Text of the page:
4. Velocity173

    Velocity173 Touchdown! Greaser!

    Joined:
    Jul 3, 2012
    Messages:
    12,618
    Display Name:

    Display name:
    Velocity173
    I wouldn’t recommend Army for the commissioned route. That is unless he wants to spend most of his time doing supply, operations, admin or platoon leader nonsense. Additional duties with those jobs with the never ending inventories, PPT classes, counseling statements, sensitivity training, etc, etc. You might get to fly once a month.

    Honestly, I wouldn’t even recommend the warrant route these days. Used to be a “flying club” but now it’s mostly additional duty BS. I’ve heard from several friends that are still in that say I got out at the right time and they can’t wait to retire. It’s gone from a war fighting force to let’s see how much busy work we can create because we don’t have the $$$ to fly.

    Plus, the other branches have some esprit de corps. I used to go to Marine F-18 squadrons for quarterly ATC briefs. Their office areas where like going to a military aviation museum. Plaques, posters, models, personalized briefing room chairs. They exuded confidence and stood out from other Marines just by their appearance.

    The Army doesn’t like stand outs or individuals. That’s why they took one piece flight suits away. Army Aviation, other than 160th and Flight Concepts is about “Big Army”mediocrity and dealing with tons of red tape. The Army is governed by a hierarchy that’s composed of ground pounder generals. Generals that want money and attention diverted to tanks, APCs, arty etc and not aviation. It’s really ironic though because the past 2 decades of warfare have been dominated by Army Aviation. Every major operation has required the use of rotor wing assets. “Artillery, the king of battle.” My a$$.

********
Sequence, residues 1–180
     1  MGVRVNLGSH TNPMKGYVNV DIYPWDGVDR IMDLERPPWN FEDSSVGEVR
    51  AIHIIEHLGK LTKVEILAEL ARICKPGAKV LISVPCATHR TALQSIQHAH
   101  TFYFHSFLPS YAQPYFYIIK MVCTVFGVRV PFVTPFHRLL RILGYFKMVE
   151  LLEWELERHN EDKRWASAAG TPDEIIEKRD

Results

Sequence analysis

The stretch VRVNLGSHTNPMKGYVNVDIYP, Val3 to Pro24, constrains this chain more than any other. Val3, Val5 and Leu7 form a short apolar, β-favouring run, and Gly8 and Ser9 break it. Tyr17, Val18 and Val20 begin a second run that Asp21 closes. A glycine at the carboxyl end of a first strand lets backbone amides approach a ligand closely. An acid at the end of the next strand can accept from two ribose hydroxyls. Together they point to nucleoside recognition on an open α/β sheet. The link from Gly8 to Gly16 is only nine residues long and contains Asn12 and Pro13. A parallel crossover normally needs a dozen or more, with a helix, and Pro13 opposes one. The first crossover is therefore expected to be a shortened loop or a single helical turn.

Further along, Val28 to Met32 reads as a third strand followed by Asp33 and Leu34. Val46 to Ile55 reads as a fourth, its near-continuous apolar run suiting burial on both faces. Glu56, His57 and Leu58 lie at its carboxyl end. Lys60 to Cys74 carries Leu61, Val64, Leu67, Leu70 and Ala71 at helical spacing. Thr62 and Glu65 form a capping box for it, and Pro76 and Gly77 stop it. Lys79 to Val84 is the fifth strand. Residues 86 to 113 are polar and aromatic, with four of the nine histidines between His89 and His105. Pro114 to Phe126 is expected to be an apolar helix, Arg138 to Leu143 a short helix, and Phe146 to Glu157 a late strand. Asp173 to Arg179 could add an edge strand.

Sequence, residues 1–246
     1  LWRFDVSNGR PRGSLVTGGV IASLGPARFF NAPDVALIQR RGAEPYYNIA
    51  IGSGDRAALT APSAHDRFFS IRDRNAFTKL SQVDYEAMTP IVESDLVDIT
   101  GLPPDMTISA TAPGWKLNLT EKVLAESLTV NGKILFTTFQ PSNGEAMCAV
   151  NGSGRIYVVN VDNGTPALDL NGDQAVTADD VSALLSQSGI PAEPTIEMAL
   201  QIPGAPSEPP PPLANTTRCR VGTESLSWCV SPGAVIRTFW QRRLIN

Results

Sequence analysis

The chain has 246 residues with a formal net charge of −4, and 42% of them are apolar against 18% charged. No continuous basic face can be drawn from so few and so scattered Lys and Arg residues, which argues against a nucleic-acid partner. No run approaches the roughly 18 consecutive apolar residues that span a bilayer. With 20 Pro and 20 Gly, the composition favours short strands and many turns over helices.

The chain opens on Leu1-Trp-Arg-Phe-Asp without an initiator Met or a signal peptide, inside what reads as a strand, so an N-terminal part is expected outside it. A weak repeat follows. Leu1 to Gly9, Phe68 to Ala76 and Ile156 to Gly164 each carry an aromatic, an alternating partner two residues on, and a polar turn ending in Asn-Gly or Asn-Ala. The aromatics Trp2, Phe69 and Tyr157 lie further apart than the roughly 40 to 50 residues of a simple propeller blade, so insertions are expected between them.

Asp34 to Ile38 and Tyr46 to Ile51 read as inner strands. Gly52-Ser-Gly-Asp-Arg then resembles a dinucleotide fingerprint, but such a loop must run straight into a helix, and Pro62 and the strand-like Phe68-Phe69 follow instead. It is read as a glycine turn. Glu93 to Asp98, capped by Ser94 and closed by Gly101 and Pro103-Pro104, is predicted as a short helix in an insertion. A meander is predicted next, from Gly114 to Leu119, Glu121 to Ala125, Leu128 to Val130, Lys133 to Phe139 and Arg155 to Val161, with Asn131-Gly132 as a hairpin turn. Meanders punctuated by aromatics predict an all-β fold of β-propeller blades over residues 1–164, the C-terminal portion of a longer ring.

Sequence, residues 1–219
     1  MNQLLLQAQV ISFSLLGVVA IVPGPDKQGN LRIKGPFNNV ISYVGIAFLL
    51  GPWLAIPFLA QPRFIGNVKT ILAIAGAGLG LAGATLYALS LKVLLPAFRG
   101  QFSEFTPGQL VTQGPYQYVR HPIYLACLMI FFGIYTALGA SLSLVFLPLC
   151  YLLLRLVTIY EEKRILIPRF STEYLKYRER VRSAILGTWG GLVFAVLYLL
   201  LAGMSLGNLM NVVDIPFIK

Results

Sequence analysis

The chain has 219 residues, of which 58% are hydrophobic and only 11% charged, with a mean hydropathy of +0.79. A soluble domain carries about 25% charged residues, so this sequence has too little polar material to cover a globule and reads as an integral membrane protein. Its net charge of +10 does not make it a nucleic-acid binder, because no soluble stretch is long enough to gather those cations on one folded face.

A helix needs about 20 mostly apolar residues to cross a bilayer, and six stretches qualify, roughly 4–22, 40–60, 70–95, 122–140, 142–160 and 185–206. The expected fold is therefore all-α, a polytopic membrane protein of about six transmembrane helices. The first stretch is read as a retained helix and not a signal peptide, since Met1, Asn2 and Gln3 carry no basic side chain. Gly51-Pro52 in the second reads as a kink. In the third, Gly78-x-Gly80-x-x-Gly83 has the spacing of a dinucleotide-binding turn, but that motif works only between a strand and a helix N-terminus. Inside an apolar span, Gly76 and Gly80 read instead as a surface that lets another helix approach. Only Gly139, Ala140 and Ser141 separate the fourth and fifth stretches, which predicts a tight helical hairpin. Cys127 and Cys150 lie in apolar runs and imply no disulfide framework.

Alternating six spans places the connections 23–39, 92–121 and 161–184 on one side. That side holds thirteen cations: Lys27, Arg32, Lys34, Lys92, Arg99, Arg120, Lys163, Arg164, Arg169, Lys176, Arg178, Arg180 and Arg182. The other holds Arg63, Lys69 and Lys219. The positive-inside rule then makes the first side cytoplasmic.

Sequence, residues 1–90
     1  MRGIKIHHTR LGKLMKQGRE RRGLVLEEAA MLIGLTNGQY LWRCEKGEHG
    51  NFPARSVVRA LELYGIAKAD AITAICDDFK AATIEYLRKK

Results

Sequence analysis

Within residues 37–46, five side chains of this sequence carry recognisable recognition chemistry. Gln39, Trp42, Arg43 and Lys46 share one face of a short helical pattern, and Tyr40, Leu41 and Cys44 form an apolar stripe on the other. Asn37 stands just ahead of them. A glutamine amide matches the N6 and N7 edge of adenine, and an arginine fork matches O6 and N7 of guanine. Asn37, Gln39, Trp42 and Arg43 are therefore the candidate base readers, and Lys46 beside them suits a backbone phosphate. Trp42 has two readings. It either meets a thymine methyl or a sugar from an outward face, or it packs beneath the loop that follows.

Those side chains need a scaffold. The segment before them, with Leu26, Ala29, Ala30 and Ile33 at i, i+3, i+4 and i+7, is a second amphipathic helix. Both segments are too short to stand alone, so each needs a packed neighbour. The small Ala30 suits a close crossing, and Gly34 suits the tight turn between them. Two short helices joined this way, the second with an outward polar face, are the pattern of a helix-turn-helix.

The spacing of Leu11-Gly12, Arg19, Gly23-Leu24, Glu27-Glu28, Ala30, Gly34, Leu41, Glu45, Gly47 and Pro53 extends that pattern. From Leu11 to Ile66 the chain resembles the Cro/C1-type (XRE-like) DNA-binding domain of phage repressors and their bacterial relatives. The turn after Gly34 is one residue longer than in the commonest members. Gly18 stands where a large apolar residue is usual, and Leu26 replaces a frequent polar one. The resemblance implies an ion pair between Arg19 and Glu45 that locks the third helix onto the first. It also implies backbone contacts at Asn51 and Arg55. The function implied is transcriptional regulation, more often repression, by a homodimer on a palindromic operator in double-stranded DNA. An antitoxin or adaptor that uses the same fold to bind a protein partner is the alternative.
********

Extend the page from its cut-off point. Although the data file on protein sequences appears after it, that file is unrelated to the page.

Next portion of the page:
EvilEagle likes this.
  5. Warlock

    Warlock Cleared for Takeoff PoA Supporter

    Joined:
    Feb 28, 2013
    Messages:
    1,185
    Display Name:

    Display name:
    Warlock
    Army Aviation is hated by everyone but Company grade and below infantry...and General Officers and their Aids looking for a ride...trying to put it nicely but as posted before would be my last pick if I had a redo...can’t believe it’s now ten year commitment for the Army as well as it was only four years when I started.
     
    Velocity173 likes this.
  6. PaulS

    PaulS Touchdown! Greaser!

    Joined:
    May 29, 2007
    Messages:
    11,112
    Location:
    New England
    Display Name:

    Display name:
    PaulS
    Neighbor's kid just got his wings, going to Virginia for F18 training. Smart kid, went to the academy, near the top, if not at the top of his class. 4 years at the academy, and coming up on I believe his 3rd year of flight training. He's very motivated, every time I see him, I tell him he's living my dream, I was told when I was his age I couldn't be a pilot because of glasses.
     
  7. YooperMooney

    YooperMooney Pre-takeoff checklist

    Joined:
    Aug 8, 2019
    Messages:
    186
    Display Name:

    Display name:
    CapellaXS
    Is the OP or his wife a Canadian citizen? If so don’t leave out the Canadian Forces. They are absolutely desperate for ANYONE. This includes Aviators. They don’t have an age limit nor really care about height or weight that much (just have to pass the physical assessments).